How to Put a "Running Job" in the Background.

You’re running a job at the terminal prompt, and it’s taking
a very long time. You want to put the job in the backgroud.

“CTL – z” Temporarily suspends the job
$ jobs This will list all the jobs
$ bg %jobnumber (bg %1) To run in the background
$ fg %jobnumber To bring back in the foreground

Need to kill all jobs — say you’re using several suspended
emacs sessions and you just want everything to exit.

$ kill -9 `jobs -p`

The “jobs -p” gives the process number of each job, and the
kill -9 kills everything. Yes, sometimes “kill -9″ is excessive
and you should issue a “kill -15″ that allows jobs to clean-up.
However, for exacs session, I prefer “kill -9″ and haven’t had
a problem.

Sometimes you need to list the process id along with job
information. For instance, here’s process id with the listing.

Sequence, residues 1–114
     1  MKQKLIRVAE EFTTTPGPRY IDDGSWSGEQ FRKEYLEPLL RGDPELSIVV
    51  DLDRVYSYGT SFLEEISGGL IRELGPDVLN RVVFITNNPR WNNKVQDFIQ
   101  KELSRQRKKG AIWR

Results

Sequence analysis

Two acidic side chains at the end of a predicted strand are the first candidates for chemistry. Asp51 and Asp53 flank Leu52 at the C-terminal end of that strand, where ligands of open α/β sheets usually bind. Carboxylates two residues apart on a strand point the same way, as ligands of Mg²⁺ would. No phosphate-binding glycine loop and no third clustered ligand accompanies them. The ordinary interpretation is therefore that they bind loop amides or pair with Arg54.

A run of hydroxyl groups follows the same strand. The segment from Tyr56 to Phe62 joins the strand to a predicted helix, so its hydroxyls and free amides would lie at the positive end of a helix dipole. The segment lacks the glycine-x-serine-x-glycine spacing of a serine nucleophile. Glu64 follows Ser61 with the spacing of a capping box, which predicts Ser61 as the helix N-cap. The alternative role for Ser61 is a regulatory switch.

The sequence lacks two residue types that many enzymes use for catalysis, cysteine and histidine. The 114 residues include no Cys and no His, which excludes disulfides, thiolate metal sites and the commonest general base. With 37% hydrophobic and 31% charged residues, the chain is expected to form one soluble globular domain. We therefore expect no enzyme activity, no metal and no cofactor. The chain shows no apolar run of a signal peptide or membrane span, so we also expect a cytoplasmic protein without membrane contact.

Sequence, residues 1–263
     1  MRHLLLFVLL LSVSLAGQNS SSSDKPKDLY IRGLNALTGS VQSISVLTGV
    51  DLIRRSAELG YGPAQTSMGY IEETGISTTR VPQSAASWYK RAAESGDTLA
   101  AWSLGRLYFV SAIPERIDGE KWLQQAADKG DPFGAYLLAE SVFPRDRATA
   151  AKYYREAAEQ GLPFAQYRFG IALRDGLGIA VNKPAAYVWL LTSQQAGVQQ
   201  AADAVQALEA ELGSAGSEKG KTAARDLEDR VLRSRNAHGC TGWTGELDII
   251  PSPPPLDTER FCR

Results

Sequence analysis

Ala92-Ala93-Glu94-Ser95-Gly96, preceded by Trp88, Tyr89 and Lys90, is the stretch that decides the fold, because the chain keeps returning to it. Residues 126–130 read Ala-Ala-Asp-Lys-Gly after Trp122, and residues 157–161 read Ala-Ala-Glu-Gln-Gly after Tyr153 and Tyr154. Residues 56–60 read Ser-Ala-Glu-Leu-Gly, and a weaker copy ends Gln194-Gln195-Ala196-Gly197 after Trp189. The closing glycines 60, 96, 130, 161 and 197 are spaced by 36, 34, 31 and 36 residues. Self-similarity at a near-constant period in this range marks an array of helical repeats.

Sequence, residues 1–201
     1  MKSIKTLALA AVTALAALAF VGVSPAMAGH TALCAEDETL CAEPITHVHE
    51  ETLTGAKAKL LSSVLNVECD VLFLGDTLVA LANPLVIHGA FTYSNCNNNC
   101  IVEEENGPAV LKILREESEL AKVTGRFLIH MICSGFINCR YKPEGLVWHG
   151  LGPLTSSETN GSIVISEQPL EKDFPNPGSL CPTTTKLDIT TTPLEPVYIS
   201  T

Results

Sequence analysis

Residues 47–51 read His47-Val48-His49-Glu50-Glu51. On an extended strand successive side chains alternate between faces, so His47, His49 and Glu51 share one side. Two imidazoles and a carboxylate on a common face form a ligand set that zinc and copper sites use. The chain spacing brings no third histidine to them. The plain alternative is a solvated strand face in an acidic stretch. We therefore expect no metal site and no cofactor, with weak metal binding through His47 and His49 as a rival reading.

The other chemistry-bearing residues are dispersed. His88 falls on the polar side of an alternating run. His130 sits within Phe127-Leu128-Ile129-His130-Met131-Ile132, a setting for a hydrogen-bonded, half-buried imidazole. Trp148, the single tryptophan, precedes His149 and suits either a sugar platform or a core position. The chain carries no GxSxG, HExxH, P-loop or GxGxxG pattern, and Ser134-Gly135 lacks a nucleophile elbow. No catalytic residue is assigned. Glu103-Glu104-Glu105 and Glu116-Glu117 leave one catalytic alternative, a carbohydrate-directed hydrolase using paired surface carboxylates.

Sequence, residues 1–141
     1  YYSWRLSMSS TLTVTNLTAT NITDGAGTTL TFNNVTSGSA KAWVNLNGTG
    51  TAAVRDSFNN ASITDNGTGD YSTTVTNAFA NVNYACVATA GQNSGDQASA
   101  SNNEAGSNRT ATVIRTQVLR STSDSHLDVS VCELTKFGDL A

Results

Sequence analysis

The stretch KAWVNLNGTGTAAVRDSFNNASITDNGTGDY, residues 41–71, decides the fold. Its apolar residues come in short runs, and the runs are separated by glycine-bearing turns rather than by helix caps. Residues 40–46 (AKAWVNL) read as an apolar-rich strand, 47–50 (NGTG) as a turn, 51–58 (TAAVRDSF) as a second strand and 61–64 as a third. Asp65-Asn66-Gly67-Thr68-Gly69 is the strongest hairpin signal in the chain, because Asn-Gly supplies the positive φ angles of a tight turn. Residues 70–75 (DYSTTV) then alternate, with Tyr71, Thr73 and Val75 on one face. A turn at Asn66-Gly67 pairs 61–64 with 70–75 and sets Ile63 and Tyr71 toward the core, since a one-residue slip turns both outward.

$ jobs -pl

Note you can also renice a job, or give it lower priority.

$ nice -n +15 find . -ctime 2 -type f -exec ls {} \; > last48hours
^z
$ bg

So above that was a ctl-z to suppend. Then, bg to run it in
the background. Now, if you want to change the priority lower
you just renice it, once you know the process id.

$ jobs -pl
[1]+ 29388 Running nice -n +15 find . -ctime 2 -exec ls -l {} \; >mout &

$ renice +30 -p 29388
29388: old priority 15, new priority 19

19 was the lowest priority for this job. You cannot increase
the priority unless you are root.

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